I’ve often said that a person’s most important survival skill is the ability to improvise. The skill of “using what you have to get what you need” in a life-threatening survival scenario often involves looking at everyday items through survival-tinted glasses. Many everyday items have surprising survival applications if you’re willing think outside of the box and get creative. Sudden and unexpected survival scenarios all have one thing in common – you’ll never have exactly what you need when you need it.

In my courses at Willow Haven I’ll often challenge students to list as many survival uses they can think of for a variety of random, everyday items that one might find in their purse, car or pockets. It’s a good exercise and always produces surprising results. Below is a great example.

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How many survival uses can you think of for a … tampon?

Fire starter

Nearly everyone knows that cotton makes excellent fire tinder. When the dry cotton fibers of a tampon are pulled apart and hit with a spark or flame, they will burst into a nice, steady fire. If you’ve done the right amount of fire prep work, you can easily split 1 tampon into 3 or 4 fire-starting tinder bundles. Add in some Chapstick or petroleum jelly, and you’ve got even better fire-starting tinder.

First aid

Tampons are sterile, come very well-packaged in their own waterproof sleeves and are designed to be ultra-absorbent – making them a suitable, improvised, first-aid bandage. They can be opened and then taped or tied over a wound as a make-shift dressing.

I have a friend who is a medic in the U.S. military, and he packs tampons in his combat kit to plug bullet holes until more sophisticated medical attention can be administered. Accounts of this use date back to World War I.

Water filtration

Another excellent tampon survival use is as a crude water filter. While it will not filter out biological, chemical or heavy metal threats, it can certainly be used to filter out sediments and floating particulates. This would be considered a 1st Phase Filter, which can drastically increase the life and efficacy of your main water filter. You can also use a filter like this to filter out larger particulates before boiling.

In this example, I’ve pushed a tampon into the neck of an empty water bottle. I poked a small hole in the cap and then poured in dirty water to filter through the tampon and into a container below.

As a last ditch effort, you can also stuff the cotton fibers into the plastic housing and use it as a crude survival straw filter:

Hunting/trapping implements

The string attached to a tampon is a twisted cotton cord typically made up of several 4-6″ pieces of twine. Though it’s not much, it is usable cordage. This amount of cordage could easily be used to make a Paiute deadfall trap:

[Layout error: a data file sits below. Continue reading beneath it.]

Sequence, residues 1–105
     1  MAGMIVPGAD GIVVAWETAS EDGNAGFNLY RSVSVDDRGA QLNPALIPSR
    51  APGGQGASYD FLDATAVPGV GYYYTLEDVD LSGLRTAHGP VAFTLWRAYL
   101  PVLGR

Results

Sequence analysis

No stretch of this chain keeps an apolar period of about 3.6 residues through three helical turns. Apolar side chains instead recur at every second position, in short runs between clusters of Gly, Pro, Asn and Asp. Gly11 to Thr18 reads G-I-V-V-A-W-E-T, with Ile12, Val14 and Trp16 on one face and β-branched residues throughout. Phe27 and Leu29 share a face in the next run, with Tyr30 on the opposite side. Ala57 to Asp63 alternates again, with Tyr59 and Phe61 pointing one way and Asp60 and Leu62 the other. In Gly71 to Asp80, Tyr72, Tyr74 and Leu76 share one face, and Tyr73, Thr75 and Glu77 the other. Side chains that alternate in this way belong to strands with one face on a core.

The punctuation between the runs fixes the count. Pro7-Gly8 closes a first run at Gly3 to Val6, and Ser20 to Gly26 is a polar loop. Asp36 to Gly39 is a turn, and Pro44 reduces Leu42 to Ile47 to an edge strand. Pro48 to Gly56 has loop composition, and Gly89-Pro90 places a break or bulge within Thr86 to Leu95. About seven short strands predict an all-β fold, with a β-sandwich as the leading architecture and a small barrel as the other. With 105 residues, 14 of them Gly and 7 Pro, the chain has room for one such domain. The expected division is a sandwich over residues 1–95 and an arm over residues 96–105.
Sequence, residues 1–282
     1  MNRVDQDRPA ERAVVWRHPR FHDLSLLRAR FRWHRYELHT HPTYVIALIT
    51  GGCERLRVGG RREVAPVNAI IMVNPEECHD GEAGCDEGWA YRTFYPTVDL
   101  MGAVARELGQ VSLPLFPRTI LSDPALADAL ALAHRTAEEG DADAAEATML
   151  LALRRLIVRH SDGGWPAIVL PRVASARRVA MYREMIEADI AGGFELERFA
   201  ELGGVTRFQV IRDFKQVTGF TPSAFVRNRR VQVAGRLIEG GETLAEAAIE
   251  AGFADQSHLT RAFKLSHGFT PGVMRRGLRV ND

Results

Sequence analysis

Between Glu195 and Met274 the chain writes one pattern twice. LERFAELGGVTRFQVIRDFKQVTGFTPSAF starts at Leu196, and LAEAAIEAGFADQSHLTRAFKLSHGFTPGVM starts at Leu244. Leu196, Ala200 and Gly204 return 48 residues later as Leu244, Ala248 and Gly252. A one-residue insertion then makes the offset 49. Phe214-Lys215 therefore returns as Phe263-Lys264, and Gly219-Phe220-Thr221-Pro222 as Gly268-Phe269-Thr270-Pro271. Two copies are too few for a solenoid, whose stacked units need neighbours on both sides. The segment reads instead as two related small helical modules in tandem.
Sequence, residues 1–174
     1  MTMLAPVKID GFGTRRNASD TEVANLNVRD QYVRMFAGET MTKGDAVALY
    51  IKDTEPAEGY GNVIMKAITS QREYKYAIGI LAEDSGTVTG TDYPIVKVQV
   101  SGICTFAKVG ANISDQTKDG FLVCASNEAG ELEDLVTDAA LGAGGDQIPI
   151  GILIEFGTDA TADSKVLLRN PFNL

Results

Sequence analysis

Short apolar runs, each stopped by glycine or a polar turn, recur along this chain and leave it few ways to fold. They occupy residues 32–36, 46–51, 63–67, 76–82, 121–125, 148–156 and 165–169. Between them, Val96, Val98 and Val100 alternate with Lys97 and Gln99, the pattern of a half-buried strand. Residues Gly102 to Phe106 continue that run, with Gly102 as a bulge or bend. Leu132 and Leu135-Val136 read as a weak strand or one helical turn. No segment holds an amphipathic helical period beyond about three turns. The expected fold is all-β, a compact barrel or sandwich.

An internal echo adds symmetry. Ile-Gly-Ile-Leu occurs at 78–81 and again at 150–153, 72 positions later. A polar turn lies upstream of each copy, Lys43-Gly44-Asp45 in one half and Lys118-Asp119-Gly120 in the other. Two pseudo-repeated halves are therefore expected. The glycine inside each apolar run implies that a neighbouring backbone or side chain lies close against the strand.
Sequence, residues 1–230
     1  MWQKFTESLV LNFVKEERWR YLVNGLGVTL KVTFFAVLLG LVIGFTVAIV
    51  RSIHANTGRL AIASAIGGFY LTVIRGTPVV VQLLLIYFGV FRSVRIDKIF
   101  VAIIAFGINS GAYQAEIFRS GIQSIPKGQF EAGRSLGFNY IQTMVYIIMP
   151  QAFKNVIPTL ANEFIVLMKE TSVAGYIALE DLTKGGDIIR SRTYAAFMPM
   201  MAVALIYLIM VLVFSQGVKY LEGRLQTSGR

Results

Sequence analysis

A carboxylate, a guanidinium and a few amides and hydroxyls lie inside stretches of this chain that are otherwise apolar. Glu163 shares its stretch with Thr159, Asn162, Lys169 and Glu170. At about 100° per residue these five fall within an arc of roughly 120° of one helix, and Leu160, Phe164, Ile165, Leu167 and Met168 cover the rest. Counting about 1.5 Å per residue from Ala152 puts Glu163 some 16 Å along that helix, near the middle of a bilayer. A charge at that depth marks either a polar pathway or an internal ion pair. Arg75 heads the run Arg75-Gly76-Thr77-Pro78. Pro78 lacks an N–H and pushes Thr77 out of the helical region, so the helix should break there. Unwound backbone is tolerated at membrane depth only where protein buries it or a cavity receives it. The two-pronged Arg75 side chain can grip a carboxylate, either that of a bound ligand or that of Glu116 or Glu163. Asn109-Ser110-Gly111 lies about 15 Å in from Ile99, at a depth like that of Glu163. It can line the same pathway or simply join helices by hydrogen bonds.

The blowgun certainly has its place in survival history. From Native Americans to tribes in New Guinea, the blowgun and primitive darts have put food on the table for thousands of years. They are silent and deadly hunting tools, especially for small game. Oftentimes, especially here in the U.S., natural cotton was used as blow-dart fletching. Thus, the cotton from a tampon is a perfect candidate to make cotton-fletched blow darts. I used the string on the tampon to lash it into place on this bamboo skewer:


In the photo above I used the string on a tampon as a wick in an improvised candle, which I made from rendered animal fat and a fresh water mussel shell I found down by the creek at Willow Haven. After the string soaked up some of the fat, this candle burned solid for 20 minutes while I took the photos and still had plenty of wick left. Pine sap would also have worked as a fuel.

Waterproof match case

In wet and damp conditions, keeping fire-starting tools such as matches and tinder dry can be a challenge. The waterproof tampon package/sleeve makes an excellent improvised “dry-sack” for any items that are moisture sensitive. Just fold over the top 2-3 times and tie it off with the tampon string and you’ve got a great waterproof match case.

I am a huge fan of multifunctional products that can serve double or even triple survival duty. For the size, weight and cost, a tampon has an impressive list of survival functions. If nothing else, this article is another lesson in the importance of looking at everyday products through the eyes of a survivalist. Creativity and innovation are critical.

Remember, it’s not IF, but WHEN.

Get Creek Stewart’s “Build the Perfect Bug Out Bag,” your guide to making a 72-hour disaster survival kit, from the WND Superstore!

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